Protestant church in Hums (Emesa) In towns where Moslems predominate, Christian women go sheeted and veiled in the streets. In
the country districts of Syria most women would never think of eating
with male guests, and often not with the men of their own household.
Baldensperger states that Christian women in Palestine are practically
excluded from all men's society outside of their own households.
Jacques de Vitry, who became Latin Bishop of Tyre in 1217, describes
a similar state of things as existing among the Greek Christian women

of his time. (" Historia HierosolymitanaXXIV," found in " Bongars1

GestaDei per Francos.")





give their mutual consentin the presenceof witnesses. It is

not necessarythat the contract should be reduced to writ-

ing, and,accordingto the Shi'ah law, witnessesmay be dispensedwith. Legalcapacitydenotesthe absenceof therecognizeddisabilities.1 Mutual consentrespects,theoretically,
at least, the independenceof the female. A girl who has
...reachedthe age of puberty cannot be married without her
consent^though this need not be given in so many words,
but may be expressedby silence,a smile,or a laugh. If
married by consent of her guardian during her legal in-

fancy, sheis free to ratify or to repudiatethe contract, before two witnesses,immediatelyon reachingpuberty. The
qadhi (judge) of a Palestinetown, however,told a Syrian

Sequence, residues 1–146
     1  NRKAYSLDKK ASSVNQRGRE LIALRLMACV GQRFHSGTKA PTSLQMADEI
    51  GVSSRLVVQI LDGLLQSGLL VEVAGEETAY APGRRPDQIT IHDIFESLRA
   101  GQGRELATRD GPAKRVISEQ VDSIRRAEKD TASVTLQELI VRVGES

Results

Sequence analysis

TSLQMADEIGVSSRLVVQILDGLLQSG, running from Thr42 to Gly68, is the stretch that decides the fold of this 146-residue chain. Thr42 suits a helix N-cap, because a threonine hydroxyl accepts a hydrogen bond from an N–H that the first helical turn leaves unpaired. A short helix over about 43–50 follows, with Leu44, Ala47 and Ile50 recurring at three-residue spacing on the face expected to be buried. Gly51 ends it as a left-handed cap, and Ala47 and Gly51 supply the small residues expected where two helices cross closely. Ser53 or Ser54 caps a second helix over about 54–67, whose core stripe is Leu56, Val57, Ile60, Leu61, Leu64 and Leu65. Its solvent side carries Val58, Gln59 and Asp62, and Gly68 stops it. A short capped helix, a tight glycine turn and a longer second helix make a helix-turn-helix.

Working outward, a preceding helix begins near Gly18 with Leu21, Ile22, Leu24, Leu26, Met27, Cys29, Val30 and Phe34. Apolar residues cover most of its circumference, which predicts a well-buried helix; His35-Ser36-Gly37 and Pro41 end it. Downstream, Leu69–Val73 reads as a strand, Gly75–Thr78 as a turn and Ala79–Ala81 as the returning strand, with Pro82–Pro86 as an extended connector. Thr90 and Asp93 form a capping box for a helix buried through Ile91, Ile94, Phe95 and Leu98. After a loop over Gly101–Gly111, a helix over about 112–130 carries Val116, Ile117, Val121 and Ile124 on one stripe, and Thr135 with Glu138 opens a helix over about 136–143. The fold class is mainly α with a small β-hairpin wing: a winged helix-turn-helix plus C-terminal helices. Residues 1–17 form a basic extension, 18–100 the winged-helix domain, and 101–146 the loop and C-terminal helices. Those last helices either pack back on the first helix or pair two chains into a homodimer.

friend of mine that the youthful brides of his district were
generally ignorant of their privileges in this matter, and that

for his part theymight remain so,lest their girlish caprices

should augment unduly the list of matrimonial failures!
As to the witnesses, these should be Moslems, two males,

or one male and two females. According to the Koran a

man may contract four contemporary marriages, but as the

law requiresan especialestablishmentfor eachwife, economic considerations place polygamy among the luxuries.

Somepoor polygamistsflagrantly disregard the required

in spiteof the protestsof the women'srelations.
It is my impressionthat amongthe hundredsof fellah workmen I haveemployedin Palestinepolygamywas decidedly
exceptional.2Baldensperger,from a wider range of observation,comesto the sameconclusion. *Even when polygamy obtains among the poor its unhappinessmay be
mitigated by mutual accommodation,as in the household
of one of my Siloam workmen, where two wives, one a
mother and the other childless, shared in the tender care of
1 For the nine prohibitions to marriage, see Hughes's " Dictionary of
Islam/7 p. 316. These involve questions of consanguinity, affinity, fosterage ("milk" relationship), slavery, etc. Also a man may not marry
a polytheist, though he may marry a Christian or a Jewess.
2 Speaking of the Moslem population, Dr. Wortabet says: "Perhaps
two-thirds of the whole are satisfied with one wife." (See " Religion in